Using Have and Has Correctly




There is a tendency to say

He have it

instead of

He has it


We has it

instead of

We have it.


Have is the root VERB and is generally used alongside the PRONOUNS I / You / We / Ye and They and PLURAL  NOUNS. Generally, have is a PRESENT TENSE word.

Has is used alongside the PRONOUNS He / She / It and Who and SINGULAR NOUNS. However, there are some exceptions which will be explained later on in the lesson. In general, has is a PRESENT TENSE word.

Singular refers to one person / animal / thing, etc.

Plural refers to more than one person / animal / thing, etc.

USAGE: has

(a) after NOUNS – Singular:

  • Fiona have the money.
  • Fiona has the money.
  • Liam has the keys.
  • Paula has an apple.
  • Peter has the pen.
  • Gillian has a comic.
  • Tony has the ball.
  • The dog has the bone.
  • The child has the sweets.
  • The baby has a bottle.
  • The teacher has a laptop.
  • The referee has the whistle.

(b) after PRONOUNS – He / She / It  & Who:

  • He have the bike.
  • He has the bike.
  • He has the jug.
  • He has a blue car.
  • He has a black coat.
  • She has the remote control.
  • She has the tickets.
  • She has an umbrella.
  • She has the sandwiches.
  • She has the photos.
  • It has stopped raining.
  • It has arrived safely.
  • Who has the ball?
  • Who has eaten the chocolate?

While who is included with he, she and it – the has words – in the examples above, be aware that have comes after who in the following sentences:

  • Who have we got in the next round?
  • Who have ye arranged to meet later on?
  • Who have they coming over for dinner?

In these three examples, have is associated with we, ye and they.

USAGE: have

(a) after NOUNS – Plural:

  • The boys has the white hats.
  • The boys have the white hats.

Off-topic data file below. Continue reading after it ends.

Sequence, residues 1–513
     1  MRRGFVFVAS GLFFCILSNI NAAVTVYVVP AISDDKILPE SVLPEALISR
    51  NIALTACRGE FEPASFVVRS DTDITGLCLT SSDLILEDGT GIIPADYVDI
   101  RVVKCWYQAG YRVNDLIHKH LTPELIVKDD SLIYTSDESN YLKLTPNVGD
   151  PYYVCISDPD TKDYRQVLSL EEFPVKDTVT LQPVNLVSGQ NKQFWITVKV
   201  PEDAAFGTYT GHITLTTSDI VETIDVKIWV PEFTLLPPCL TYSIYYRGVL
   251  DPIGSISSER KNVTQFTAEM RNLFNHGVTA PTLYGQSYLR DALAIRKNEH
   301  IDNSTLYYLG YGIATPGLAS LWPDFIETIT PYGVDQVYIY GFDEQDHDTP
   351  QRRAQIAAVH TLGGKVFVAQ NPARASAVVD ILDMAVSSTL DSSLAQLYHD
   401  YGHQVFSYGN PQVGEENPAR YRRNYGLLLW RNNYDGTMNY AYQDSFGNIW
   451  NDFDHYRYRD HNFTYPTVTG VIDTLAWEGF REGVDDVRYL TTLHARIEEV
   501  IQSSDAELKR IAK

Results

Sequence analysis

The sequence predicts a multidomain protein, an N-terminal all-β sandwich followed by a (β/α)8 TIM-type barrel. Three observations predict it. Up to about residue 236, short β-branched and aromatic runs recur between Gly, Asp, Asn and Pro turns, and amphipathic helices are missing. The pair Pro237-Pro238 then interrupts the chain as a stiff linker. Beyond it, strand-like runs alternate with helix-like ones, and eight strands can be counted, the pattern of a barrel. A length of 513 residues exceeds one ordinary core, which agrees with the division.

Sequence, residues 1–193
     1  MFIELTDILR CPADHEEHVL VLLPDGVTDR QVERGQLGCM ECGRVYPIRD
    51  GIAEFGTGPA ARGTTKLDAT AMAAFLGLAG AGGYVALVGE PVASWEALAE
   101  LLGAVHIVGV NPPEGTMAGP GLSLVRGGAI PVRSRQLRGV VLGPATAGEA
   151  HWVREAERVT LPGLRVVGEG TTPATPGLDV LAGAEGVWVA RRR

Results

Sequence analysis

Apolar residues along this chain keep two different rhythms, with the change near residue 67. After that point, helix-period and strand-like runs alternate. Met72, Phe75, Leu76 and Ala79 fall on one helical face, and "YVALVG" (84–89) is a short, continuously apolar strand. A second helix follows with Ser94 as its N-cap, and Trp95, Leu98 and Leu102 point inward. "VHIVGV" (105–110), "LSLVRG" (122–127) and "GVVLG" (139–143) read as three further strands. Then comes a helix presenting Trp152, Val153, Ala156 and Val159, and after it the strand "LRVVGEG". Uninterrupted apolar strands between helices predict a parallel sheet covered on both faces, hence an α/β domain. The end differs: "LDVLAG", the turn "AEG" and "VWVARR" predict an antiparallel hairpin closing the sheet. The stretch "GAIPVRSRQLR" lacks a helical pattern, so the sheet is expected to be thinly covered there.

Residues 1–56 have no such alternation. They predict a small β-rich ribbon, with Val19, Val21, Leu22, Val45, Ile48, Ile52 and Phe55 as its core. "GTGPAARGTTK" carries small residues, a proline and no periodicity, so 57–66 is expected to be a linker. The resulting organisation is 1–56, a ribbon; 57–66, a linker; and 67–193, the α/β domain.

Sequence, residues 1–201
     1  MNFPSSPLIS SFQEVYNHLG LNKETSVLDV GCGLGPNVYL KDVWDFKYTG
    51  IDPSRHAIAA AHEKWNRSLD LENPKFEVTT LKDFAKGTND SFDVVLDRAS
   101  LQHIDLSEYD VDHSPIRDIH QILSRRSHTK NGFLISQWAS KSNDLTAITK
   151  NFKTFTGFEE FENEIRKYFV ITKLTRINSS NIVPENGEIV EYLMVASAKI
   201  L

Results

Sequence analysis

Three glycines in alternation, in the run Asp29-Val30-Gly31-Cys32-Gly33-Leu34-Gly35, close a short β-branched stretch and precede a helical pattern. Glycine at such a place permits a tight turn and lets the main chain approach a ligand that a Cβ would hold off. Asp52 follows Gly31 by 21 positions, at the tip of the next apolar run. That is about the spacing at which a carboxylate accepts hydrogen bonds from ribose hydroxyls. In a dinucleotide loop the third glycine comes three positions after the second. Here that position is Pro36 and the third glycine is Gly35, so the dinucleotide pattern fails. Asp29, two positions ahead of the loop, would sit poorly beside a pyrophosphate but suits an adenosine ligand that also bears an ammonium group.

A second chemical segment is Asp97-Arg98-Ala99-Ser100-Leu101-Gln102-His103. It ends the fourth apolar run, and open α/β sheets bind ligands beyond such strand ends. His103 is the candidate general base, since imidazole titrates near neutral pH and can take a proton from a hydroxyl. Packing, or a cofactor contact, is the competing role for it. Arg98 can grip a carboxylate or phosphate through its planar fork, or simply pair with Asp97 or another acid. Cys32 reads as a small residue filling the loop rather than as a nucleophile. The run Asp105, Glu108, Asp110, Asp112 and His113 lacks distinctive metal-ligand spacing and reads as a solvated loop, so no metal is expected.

• The girls have the green bags.
  • The men have the grey shirts.
  • The women have the brown shoes.
  • The children have old toys.
  • The grandparents have the buckets.
  • My cousins have a new house.
  • My aunts have new computers.
  • Some new cars have satnavs.
  • Those bikes haven’t any bells.

(b) after PRONOUNS – I, You, We, Ye and They:


  • We has €5.
  • We have €5.
  • I have €5.
  • You have €10.
  • Ye have €20
  • They have €100.
  • I have it.
  • You have it.
  • We have it.
  • Ye have it.
  • They have it.

Generally, has follows he, she and SINGULAR NOUNS.

He has it.
She has it.


1. When he and she – regarded separately as singular – are combined to form one plural:

Both he and she have the right answer. (He and she are together and are regarded as PLURAL)
Both he and she can have it now.
She and he have them. (She and he are together and are regarded as PLURAL)

2. When a question is asked:

Does he have the football?
Can she have the pen, please?
Would she have scored if she had taken the penalty?

Generally, have follows the PRONOUNS I, You, We, Ye, They and PLURAL NOUNS.


Write has or have in these sentences:

1. He ____________ the fruit.
2. She ____________ the vegetables.
3. Mark and Darren _____________ exams next week.
4. The children ____________ new books.
5. She _________________ no money.
6. Pat ____________ a new car.
7. Kylie ____________ €5.
8. We _________  two computer classes every week.
9. The girl ____________ a new doll.
10. Does the girl ________ a new doll?


1. has 2. has 3. have 4. have 5. has 6. has 7. has 8. have 9. has 10. have


Generally, has follows the PRONOUNS he and she and nearly all SINGULAR NOUNS. With regard to nouns, generally and nearly are the key words here because now and again we come across nouns which can take both a SINGULAR and a PLURAL VERB. For example, take the NOUN group.

The group (as a whole) has gone away.
The group (individuals within the group) have gone to different night clubs.


He has it.
We have it.